First mile was a little congested, but we kept our calm and just found some room to make up time where we could. Two big down hills helped in getting us somewhat close to our goal. We were 6 seconds slow on mile one, but that was irrelevant. Goal for mile 2 was a 6:35 as was mile 3. Both screamingly fast miles, and we just wanted to stay contained but shave a little bit of time. Hanson freaked out when he saw a 6:34 split for mile 2 and told me I was way too fast. I told him it was built into my plan as was the upcoming fast mile. He didn’t like what he heard and ran off somewhere. Mile 3 was more of the same (6:35 goal)… a fast mile, with plenty of down hills. I tossed my tube/sock arm warmer “throwawayables” as it was well warmer than low 50’s with the sunny skies. We clocked mile 3 at 6:33 pace and were now only 3 seconds slower than our goal time. Unlike last year where I simply forgot to drink water, I was well under control on my hydration this time.

Miles 4, 5, 6, 7: Even Steven.
With the major downs beyond us, it was time to get down to business and lock in on 6:45’s. Too bad Hanson had fired us, because here’s where I/we shine. We quickly came upon the 5km timing mat which means the Internet that’s tracking us would be seeing us for the first time. David and Jim are not as talkative as I am, but I made sure I said: “Guys, with this timing mat, the world is watching us. Our loved ones, our families, our friends. This is why we do this. This run is for them.”

I continued to drink out of my water bottle as the plan was to be done with the water by mile 7 and use the last bit of it, to take down my first salts (2 thermolytes pills). But it was well warmer than originally planned and I was sweating so I decided to go with salts at mile 6. My glute muscle issue and my knee were NOT happy with me today, so I also moved up my plan of some pain relievers to mile 7 from the planned mile 10 treat. At the 10km mark, we yet again passed a timing mat, and I made sure I yet again told Jim and David, that the internet is watching and they must be happy to see that we’re on pace!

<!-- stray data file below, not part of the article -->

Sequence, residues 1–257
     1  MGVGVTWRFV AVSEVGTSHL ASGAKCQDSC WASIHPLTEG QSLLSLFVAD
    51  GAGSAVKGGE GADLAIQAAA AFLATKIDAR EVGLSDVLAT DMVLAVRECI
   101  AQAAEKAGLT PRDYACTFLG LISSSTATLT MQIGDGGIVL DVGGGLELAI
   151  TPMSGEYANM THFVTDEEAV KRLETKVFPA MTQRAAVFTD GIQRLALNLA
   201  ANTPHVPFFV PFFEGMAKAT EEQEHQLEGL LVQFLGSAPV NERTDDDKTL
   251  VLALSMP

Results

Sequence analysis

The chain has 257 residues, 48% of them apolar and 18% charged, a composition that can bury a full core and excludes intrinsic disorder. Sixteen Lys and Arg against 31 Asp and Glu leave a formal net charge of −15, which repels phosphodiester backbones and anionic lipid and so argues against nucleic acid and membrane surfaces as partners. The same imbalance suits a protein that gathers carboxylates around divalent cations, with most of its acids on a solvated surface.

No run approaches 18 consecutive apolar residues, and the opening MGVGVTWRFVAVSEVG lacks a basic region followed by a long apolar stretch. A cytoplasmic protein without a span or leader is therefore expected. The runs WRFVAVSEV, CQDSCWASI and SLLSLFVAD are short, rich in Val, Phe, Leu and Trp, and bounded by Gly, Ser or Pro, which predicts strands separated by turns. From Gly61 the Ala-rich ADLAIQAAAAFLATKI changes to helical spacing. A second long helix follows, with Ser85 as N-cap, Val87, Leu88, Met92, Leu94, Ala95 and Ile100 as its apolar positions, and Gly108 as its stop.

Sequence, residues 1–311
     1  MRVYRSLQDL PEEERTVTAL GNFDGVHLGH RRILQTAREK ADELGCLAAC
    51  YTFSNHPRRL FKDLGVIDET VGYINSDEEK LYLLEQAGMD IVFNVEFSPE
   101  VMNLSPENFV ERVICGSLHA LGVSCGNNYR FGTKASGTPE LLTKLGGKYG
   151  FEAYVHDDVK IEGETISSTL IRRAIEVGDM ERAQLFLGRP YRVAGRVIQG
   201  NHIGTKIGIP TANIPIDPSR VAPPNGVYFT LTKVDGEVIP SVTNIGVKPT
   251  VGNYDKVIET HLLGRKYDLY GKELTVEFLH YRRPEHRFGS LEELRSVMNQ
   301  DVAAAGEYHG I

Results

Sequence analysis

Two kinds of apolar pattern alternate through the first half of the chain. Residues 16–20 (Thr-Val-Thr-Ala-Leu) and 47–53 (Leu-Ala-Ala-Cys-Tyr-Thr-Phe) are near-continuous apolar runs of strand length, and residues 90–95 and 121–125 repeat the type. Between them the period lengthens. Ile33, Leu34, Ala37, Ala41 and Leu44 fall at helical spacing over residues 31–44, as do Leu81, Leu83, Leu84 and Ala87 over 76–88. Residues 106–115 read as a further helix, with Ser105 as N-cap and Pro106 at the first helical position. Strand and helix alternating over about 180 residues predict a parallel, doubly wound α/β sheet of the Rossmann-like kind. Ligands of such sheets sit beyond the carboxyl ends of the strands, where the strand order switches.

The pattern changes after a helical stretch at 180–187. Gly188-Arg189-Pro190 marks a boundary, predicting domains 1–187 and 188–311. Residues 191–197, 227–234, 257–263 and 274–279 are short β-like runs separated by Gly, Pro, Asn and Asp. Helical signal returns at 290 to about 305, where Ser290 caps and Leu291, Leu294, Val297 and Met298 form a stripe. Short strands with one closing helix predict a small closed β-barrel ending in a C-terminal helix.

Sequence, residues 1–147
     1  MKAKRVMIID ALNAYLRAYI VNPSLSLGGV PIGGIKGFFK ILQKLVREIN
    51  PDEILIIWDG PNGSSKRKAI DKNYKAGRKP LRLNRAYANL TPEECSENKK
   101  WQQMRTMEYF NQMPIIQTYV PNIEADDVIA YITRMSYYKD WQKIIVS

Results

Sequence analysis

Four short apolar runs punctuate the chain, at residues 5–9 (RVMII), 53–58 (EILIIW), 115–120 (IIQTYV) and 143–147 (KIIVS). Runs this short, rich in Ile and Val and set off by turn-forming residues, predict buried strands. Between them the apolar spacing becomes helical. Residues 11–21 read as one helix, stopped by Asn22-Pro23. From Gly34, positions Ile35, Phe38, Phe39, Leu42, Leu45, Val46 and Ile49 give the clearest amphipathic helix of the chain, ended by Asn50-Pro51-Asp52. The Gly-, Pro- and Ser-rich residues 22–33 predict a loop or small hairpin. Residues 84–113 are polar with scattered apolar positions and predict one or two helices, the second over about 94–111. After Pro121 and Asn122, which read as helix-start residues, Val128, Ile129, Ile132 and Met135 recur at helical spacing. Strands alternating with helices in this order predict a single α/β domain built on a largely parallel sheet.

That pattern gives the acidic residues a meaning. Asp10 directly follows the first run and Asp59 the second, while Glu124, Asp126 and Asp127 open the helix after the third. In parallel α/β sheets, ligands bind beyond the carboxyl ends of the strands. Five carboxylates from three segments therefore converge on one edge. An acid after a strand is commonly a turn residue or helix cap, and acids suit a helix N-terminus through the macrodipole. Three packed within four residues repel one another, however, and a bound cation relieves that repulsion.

Miles/pace wise we were doing well. Legs were finally warming up. Mile 4 was planned as a 6:40 and we hit 6:33, mile 5 was 6:45goal, we delivered a 6:49, and miles 6 and 7 were both planned at 6:45, which we nailed at 6:45 and 6:44. We ended mile 7 at 46:52, with a goal time of 46:52. Even steven!

Miles 8, 9, 10: Easy tiger! -14
I guess we either felt great, or there were more downs that we thought, because we finished these 4 miles at about 5 miles too fast on each one. The highlight here was Hanson was spotted talking to 2 more teams of runners clearly inquiring about their race plans and asking if he could run with them. I commented to David and Jim: what kind of a moron comes to Boston without a game plan and expects to run a 2:55? (I hate to say it, but I was looking forward to seeing him some more). Took my first gel at Mile 8. We crossed the 15km marker and yet again, we knew the world was watching and that all of you were getting rewarded for staring into your computer screens. Thanks again guys, you’re keeping us motivated to do well. We ended this stretch 14 seconds faster than where we were supposed to be. Not really a concern as it’s really just 1 second and change per mile.